If ever a case could be put forward to the International Cricket Council for the implementation of a World Cricket Second Division then the time is ripe for it to happen now.
The current ICC Champions Trophy which has been billed as a premier showcase event for world cricket is doing more damage to the sport than it is good and the only thing that appears to be getting showcased is the huge chasm between the world’s elite teams and it’s minnows. A factor that no doubt must be turning many potential global sponsors away from investing their dollars into the sport or it’s teams that habitually remain to be uncompetitive at the highest level.
To date, the minnow teams of Bangladesh, Kenya, Zimbabwe and the USA, have not only failed to win a match, or mismatch as I see it, but have also failed to show that they can even compete at the elite level with exception of one match only between Sri Lanka and Zimbabwe where the Zimbabweans lost by only four wickets and this result was the exception rather than rule.
Results so far show the greatest losing margin was that of the USA against New Zealand - 210 runs and with the exception of the above mentioned match the lowest losing margin has been by Kenya in their match against India, a margin of 98 runs. All matches were completed well within their allotted overs and the fans stayed away from the games in their droves, obviously knowing that it would be pointless spending their money on admission tickets and travel to stadiums.
The excuse we keep hearing from cricket authorities and those involved in the scheduling of these mismatches is: “They are good experience for the minnow teams and assist these teams to develop and compete in future tournaments.” Oh dear, what a load of poppycock! Do those spouting this line really think cricket fans are so stupid.
How can the continual thrashing of these teams be good for cricket or good for the individual team for that matter? Experience! What experience is that? Coming up against sides that continue to thrash you is NOT good experience for anyone and just further proves the minnow teams are out of their depth in current world circles.
Global sponsors who are looking to invest their dollars into cricket are being chased away in droves by the performance of these minnow teams. Sponsors want to associate their names or brands with winners and when a team never wins, what hope is their for attracting the dollars that are essential for a team to improve. In addition, who would want to associate or advertise their brand with a stadium where the only eyeballs who will see their advertising are those of the players and cricket commentators. Advertisers clamour for exposure where the crowds gather, but the crowds just have not attended matches in any number to date during the ICC’s premier Champions Trophy Tournament. However, one must add that the fickle English weather has also played a part in keeping the crowds away with most matches affected to some degree by rain. Only a fool would schedule such a tournament for England during their historically wettest month.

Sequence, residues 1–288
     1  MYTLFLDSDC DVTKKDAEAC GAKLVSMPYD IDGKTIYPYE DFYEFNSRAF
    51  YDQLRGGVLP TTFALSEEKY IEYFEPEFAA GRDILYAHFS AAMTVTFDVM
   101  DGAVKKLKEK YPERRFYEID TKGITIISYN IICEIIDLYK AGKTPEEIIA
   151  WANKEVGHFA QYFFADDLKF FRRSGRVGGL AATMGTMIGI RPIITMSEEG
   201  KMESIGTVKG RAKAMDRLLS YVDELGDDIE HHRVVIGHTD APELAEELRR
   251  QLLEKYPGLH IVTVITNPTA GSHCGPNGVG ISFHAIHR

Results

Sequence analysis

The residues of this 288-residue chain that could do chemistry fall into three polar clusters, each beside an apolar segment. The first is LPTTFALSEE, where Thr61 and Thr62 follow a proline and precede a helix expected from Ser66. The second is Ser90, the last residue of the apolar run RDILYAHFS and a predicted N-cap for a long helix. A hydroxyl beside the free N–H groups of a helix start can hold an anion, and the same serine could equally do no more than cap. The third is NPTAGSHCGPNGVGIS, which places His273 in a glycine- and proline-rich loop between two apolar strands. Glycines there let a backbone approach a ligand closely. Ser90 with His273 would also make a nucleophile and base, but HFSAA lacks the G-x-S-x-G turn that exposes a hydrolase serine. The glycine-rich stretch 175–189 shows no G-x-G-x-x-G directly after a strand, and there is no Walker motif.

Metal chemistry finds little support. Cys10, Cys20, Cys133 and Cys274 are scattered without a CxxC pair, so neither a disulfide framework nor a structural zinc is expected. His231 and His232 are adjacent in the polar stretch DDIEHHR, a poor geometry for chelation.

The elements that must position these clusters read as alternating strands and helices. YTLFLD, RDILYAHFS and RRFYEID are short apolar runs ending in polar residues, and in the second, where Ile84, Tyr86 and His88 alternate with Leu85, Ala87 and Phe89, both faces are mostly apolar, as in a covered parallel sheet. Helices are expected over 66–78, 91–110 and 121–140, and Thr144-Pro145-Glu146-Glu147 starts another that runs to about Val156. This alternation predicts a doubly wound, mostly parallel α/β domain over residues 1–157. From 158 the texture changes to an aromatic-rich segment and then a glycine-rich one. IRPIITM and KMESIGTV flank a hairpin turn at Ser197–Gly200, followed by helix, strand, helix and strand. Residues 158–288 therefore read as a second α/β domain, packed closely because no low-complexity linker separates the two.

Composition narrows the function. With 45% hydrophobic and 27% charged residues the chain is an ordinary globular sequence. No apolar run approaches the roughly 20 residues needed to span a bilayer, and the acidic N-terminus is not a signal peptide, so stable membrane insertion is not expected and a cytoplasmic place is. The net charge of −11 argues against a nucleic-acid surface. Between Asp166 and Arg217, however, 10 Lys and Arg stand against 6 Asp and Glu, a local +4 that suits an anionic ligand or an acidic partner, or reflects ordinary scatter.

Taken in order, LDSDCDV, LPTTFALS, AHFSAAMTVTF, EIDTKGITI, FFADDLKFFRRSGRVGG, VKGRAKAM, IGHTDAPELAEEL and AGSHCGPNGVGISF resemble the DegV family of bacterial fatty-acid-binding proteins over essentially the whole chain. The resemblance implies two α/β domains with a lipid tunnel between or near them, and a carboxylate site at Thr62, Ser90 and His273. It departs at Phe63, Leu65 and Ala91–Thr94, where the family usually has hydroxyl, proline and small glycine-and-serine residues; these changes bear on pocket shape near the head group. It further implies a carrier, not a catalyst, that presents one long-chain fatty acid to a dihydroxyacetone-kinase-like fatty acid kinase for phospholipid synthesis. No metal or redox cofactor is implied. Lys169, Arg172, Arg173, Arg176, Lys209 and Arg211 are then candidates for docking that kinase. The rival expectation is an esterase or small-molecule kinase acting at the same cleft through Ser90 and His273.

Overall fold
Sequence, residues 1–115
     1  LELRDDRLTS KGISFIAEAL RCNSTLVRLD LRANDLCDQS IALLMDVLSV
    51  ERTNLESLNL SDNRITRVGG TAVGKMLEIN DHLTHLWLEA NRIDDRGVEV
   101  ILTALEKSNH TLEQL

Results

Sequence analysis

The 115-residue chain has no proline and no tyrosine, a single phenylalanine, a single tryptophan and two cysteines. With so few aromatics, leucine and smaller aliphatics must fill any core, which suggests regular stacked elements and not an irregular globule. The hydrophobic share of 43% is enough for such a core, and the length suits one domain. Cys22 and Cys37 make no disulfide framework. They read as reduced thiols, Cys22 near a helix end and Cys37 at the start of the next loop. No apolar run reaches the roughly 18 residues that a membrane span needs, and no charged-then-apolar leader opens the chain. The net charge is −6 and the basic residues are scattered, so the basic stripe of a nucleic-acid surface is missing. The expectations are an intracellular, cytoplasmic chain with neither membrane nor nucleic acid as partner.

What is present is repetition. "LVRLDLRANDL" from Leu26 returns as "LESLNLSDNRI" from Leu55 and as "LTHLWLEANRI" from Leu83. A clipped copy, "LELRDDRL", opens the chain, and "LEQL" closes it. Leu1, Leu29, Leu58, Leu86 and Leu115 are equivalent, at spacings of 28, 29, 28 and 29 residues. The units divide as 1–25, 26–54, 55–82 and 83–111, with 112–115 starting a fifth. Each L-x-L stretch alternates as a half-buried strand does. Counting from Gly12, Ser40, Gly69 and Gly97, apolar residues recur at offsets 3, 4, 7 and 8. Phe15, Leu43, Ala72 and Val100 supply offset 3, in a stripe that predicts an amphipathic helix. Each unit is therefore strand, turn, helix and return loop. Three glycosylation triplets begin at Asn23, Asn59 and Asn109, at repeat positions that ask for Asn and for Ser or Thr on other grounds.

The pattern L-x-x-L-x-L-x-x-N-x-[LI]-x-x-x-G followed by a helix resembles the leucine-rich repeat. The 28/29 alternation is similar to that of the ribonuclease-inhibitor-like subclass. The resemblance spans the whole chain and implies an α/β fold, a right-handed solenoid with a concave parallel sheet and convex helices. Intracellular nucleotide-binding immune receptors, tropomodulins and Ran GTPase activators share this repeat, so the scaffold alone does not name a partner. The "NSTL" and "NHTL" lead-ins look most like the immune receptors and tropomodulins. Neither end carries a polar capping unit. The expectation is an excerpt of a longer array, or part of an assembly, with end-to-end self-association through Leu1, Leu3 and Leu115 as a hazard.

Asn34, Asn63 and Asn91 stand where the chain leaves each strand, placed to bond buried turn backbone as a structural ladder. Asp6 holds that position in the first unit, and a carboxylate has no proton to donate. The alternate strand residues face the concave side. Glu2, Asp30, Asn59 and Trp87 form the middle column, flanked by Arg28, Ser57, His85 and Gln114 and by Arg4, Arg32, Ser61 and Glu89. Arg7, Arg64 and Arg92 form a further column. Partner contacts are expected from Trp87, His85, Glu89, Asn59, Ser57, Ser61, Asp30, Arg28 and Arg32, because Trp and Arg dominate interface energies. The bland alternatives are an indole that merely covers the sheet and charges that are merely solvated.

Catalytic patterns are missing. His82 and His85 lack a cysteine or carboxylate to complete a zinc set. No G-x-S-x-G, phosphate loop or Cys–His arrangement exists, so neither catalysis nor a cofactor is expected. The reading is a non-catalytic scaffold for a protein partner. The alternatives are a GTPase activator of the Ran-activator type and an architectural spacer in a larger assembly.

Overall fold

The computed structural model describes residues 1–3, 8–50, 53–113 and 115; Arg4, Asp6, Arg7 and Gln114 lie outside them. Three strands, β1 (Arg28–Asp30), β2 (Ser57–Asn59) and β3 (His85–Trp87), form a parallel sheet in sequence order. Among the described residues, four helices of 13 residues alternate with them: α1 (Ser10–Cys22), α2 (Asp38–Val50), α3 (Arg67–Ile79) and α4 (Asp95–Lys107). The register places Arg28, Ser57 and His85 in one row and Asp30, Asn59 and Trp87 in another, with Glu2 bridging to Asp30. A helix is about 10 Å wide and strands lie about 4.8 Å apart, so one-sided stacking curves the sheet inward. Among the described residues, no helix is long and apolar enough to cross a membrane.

In recent years the ICC has gone hell for leather promoting cricket on a global scale to ensure the long term survival of the sport and to attract further interest to ensure it’s long term survival and they are to be highly commended for this, but also criticised for allowing the chasm between the minnow teams and the more competitive nations to deepen rather than be closed. Rather than realise that the only way these minnow teams will improve is by competing on a level playing field against teams of similar standard, they have continued in promoting series where developing teams are hopelessly outclassed, outplayed and outsponsored. Winners earn dollars and attract sponsorship, dollars mean improved development and improved development means better performances.
The ICC can throw away as many dollars as it likes on promoting series for mismatched teams, but this will not improve those struggling teams one iota. The answer is to put these developing teams onto a level playing field where they can meet degrees of success that can transfer into financial success for the sport and team as a whole and the only way this will be achieved in the near future is for the ICC to investigate the implementation of a World Cricket Second Division, or call it what you like, to encompass teams that currently fall under the minnow umbrella or ANY other team that believes it could compete at such a level.
There’s an old saying: “Nothing succeeds like success.”
The ICC cannot continue to pour the dollars it has available for developing the sport down the drain without evidence that it is actually improving those teams that receive such funding because sooner or later those dollars will dry up and replacement dollars will be much harder to get hold of from global sponsors, media outlets and similar who are NOT getting a return on their investments.
If one day cricket is to survive into the next century, then swift action is required to ensure this game remains truly global rather than limited to the popular geographic locations of the Sub-continent, UK and the Oceania regions.